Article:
Siwan, a Welsh love story
Wales > Anglesey >  Siwan, Princess Joan and Prince Llywelyn, Lord of Snowdon, Wales


Joan, a Lady of Wales

Siwan's sarcophagus, the tomb of Princess Joan at Beaumaris ChurchThere may have been many Ladies of Wales over the centuries, but Joan was one of the first to bring romance and heartbreak to the country…

In 1191 Joan (also known as Joanna or Siwan in Welsh), was born to King John, king of England, and a woman named Clemence Pinel. Joan spent a happy childhood living in France, until in 1205 her father decided that he would marry her to the Welsh Prince, Llywelyn Lord of Snowdon (who was to become known as Llywelyn the Great) in the hope of restoring peace with Wales. In May 1206 and at the age of 15, Joan was taken from France and wed to Llywelyn in a ceremony at Chester.

The years went by and Joan fast became a confident, outspoken and passionate character amongst Llywelyn’s people, far different to most wives of the kings and princes of the time, who had little or nothing to do with politics or the government. Joan managed to win much of the land in Gwynedd under Llywelyn’s reign, quickly making a name for herself within the political world at the time.

Although their marriage showed no troubles at the beginning, Joan would go on to betray Llywelyn. William de Braose, a Norman Marcher lord, was the 10th Baron of Abergevenny, and was detested by the Welsh, hence them giving him the name Gwilym Ddu (Welsh for Black William). In 1228 he was captured by Llywelyn’s men following fighting in the commote of Ceri near Montgomery in Wales. William was later ransomed for £2,000 and later came to an agreement with Llywelyn, allowing his daughter Isabella de Braose to marry Llywelyn’s only legitimate son, Dafydd. However, in Easter 1230, he was found with Joan in hers and Llywelyn’s bedchamber.

Furious, Llywelyn had William de Braose hanged in a field behind the palace known as Garth Celyn in Abergwyngegyn, North Wales. In his heartbreak and outrage, Llywelyn imprisoned Joan in a tower at Garth Celyn, where she spent the duration of twelve months. Afterwards Llywelyn forgave her for her adultery and took her back as his wife. She restored her title as princess and once again became the Lady of Wales.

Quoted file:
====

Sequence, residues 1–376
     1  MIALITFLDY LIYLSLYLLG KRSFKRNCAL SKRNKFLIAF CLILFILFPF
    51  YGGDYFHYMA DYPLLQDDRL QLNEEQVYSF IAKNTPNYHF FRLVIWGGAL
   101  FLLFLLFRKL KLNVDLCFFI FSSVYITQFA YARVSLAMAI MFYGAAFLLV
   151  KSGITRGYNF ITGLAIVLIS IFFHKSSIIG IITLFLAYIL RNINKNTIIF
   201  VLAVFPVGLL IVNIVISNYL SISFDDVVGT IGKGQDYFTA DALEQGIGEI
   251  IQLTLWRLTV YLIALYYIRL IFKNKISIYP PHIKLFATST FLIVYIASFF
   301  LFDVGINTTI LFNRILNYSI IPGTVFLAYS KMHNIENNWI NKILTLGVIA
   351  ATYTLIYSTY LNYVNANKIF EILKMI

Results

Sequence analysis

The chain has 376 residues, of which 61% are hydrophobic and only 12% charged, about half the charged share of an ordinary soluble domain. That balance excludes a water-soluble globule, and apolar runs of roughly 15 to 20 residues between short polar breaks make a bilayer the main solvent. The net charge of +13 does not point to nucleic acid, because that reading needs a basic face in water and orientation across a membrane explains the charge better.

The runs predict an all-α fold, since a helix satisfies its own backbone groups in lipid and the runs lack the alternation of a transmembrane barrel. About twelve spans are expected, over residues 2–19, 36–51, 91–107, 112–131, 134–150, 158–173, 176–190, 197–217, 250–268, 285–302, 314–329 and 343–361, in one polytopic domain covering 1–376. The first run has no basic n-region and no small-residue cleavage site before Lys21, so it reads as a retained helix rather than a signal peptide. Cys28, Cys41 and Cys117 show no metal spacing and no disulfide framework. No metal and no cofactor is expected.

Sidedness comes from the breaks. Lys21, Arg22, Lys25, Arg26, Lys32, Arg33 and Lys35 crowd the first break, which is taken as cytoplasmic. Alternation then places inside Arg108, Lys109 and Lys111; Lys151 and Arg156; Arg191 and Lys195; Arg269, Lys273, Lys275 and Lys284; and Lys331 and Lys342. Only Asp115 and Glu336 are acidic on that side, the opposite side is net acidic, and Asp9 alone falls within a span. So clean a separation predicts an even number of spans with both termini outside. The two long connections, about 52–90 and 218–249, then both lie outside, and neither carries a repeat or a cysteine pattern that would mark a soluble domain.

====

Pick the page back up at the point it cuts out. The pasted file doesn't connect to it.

Joan died in February 1237. In his grief, Llywelyn founded a Franciscan Friary near to the shore of Llanfaes, where he had Joan buried. From his castle at Abergwyngregyn, he would be able to look across the waters of the Menai Strait towards the Friary, remembering Joan as he did so. The Friary was consecrated in 1240, just a few months before Llywelyn’s death in April of the same year. Llywelyn was not buried with his wife, but at Aberconwy Abbey, to where he had retired during the last few years of his life. Devastatingly Joan’s Friary was destroyed in 1537 as part of Henry VIII’s dissolution of the monasteries in Wales. Joan's tomb was desecrated by the English “Taliban” army and the whereabouts of the coffin were unknown for many years until it was found in the town of Beaumaris use as a horse trough for some 200 years. Today  Joan’s huge stone coffin lies in the church porch at Beaumaris Church where flowers are displayed to celebrate this great Welsh Lady.

The story of Joan lives on in the play ‘Siwan’ (Welsh for Joan) written by Saunders Lewis, which is still acted in theatres across the country.

Although she died several centuries ago, this Lady of Wales certainly hasn’t taken the story of adultery, lust, love and heartbreak to the grave.


Walk in the footsteps of Joan and Llywelyn on our Abergwyngregyn Walk (Aber Falls Walk) >>

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